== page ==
The pumping motion of the heart is responsible for delivering oxygen and nutrient-rich blood to the cells of the body. The body cannot function normally when the cells are not properly nourished. The weaker heart of patients with heart failure cannot pump enough blood into the cells. This causes weariness, shortness of breath, and coughing in some patients during ordinary activities like walking, stair climbing, and other movements. Patients with HF may also experience palpitations because the heart may beat faster to try to get enough oxygen-rich blood to vital organs and muscles if the heart muscle does not pump with adequate force. Weight gain and edema in the ankles, legs, and abdomen may also happen in patients with heart failure when the kidneys are not able to filter enough blood and the body retains excess fluid and water. Patients with HF when lying flat and have extra fluid in their lungs are prone to having a dry hacking cough. Patients with HF may have symptoms that are minor or no symptoms at all. Heart failure symptoms can range from moderate to severe, and symptoms can be paroxysmal. Heart failure, in general, worsens over time. Patients may experience more and different signs and symptoms as the disease worsens. It is critical to notify the healthcare provider if new symptoms develop or if current symptoms worsen to address them immediately and prevent progression.
What is the course of patients with heart failure?
Heart failure may limit the activities of patients with heart failure, but with the correct care and medication, many patients can still enjoy life to the fullest. The state of the heart muscle, symptoms, and how well the patient responds and follows the treatment plan all influence the well-being of patients with HF. The treatment plan that includes taking medications, regular exercise, eating a low-sodium diet, and keeping track and reporting new or worsening symptoms to the healthcare professional all result in a better outcome for patients with heart failure. And because heart failure is a chronic, long-term illness, constant monitoring and easy access to medical care are imperative.
What is the role of remote patient monitoring in patients with heart failure?
As technology progresses, more comprehensive attempts to remotely monitor heart failure have become possible. This enables earlier detection of decompensation, improved adherence to lifestyle and medication adjustments, and interventions that reduce the need for hospitalization. Remote patient monitoring has opened up a world of possibilities. Collecting data remotely and finding a mechanism to integrate such potentially continuous data streams into care systems, as well as converting more data into improved decision-making that improves the outcome or experience of care with the help of remote patient monitoring, is becoming more popular.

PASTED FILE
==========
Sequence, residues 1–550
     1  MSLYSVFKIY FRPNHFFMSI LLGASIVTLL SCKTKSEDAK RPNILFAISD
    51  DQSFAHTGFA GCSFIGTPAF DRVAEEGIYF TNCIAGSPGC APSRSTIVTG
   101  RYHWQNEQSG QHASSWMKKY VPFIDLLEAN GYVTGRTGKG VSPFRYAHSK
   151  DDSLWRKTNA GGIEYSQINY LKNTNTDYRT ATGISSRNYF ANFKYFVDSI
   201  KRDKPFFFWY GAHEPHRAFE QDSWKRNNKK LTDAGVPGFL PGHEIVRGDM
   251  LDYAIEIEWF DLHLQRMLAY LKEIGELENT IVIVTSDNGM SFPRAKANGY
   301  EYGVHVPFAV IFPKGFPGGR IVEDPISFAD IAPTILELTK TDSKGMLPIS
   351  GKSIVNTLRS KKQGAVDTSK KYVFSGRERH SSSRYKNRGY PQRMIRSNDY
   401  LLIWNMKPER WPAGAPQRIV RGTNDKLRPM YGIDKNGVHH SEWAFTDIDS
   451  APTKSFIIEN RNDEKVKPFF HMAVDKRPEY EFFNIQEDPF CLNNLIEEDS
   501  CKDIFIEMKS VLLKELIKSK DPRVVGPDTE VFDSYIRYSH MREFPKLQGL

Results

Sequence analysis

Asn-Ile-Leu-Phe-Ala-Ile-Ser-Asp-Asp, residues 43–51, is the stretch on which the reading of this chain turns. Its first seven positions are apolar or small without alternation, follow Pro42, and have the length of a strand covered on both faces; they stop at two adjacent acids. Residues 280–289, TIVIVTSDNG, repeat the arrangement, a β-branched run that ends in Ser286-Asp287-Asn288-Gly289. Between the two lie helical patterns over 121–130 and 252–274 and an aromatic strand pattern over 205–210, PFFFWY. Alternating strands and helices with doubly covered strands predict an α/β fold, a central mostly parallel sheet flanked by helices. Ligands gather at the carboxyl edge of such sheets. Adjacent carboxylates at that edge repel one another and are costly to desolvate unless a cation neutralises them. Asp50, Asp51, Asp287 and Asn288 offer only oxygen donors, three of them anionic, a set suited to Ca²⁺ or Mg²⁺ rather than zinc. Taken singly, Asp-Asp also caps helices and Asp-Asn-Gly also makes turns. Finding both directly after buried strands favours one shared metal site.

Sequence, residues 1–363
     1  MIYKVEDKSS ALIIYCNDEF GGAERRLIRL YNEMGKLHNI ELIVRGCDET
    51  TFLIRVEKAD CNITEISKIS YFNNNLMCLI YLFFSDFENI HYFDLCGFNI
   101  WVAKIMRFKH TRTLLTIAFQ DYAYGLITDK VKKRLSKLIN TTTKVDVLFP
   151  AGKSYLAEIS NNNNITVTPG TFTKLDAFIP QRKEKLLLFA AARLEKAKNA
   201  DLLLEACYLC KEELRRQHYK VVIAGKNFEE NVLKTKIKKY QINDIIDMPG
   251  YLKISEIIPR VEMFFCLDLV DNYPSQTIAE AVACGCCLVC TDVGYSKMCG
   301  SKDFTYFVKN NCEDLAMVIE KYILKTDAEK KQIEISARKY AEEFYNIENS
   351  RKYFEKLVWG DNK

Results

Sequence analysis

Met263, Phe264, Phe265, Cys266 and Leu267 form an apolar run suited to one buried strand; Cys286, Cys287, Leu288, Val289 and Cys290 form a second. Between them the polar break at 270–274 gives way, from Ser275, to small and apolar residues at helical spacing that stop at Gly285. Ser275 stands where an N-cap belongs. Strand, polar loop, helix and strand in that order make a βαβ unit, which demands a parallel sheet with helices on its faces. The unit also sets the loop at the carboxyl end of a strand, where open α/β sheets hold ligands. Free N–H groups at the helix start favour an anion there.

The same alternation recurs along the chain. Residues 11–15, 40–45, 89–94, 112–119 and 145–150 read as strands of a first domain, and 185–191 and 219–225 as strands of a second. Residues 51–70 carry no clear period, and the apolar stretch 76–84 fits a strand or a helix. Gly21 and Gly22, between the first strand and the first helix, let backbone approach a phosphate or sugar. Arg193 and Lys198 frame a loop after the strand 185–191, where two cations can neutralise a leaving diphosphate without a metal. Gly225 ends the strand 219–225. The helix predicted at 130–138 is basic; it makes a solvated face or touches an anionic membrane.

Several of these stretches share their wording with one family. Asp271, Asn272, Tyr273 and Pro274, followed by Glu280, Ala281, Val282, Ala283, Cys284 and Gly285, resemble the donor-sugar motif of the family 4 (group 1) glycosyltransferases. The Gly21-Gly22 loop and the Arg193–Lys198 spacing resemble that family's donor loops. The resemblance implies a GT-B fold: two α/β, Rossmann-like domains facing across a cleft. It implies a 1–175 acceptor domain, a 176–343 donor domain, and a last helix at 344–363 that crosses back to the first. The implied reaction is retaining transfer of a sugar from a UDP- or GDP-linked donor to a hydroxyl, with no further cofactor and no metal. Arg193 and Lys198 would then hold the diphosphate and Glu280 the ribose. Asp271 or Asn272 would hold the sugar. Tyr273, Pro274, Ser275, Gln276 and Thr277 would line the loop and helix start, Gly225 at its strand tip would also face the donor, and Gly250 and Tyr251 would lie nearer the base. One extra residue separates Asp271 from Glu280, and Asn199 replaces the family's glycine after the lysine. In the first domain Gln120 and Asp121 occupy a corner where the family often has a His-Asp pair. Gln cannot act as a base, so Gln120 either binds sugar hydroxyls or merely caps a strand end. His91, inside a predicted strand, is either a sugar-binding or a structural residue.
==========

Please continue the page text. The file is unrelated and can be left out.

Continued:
In TIM-HF2, telemonitoring was found to have a positive influence. Patients with HF were randomly assigned to receive standard care or a multicomponent telemonitoring home system that sent weight, blood pressure, heart rate, cardiac rhythm, oxygen saturation, and self-rated health status to treating clinicians on a daily basis. Patients got HF information as well as monthly structured telephone interviews to assess their condition. Patients were also given HF education as well as monthly structured phone interviews to monitor their clinical condition and medicines. In this trial, adherence was higher: 97 percent of patients were 70 percent compliant with daily data transfer, and unexpected cardiovascular hospitalizations and all-cause mortality were significantly reduced.
Heart failure is becoming more common worldwide and may pose some limitations on the activities of patients with heart failure. But with the correct care and medication, many patients can still enjoy life to the fullest. Aggressive titration of guideline-directed medical therapy based on symptoms, blood pressure, and laboratory results to achieve maximum-tolerated dosages to improve symptoms, reduce hospitalizations, and increase survival is the cornerstone of HF management. Remote patient monitoring enables earlier detection of decompensation, improved adherence to lifestyle and medication adjustments, and interventions that reduce the need for hospitalization.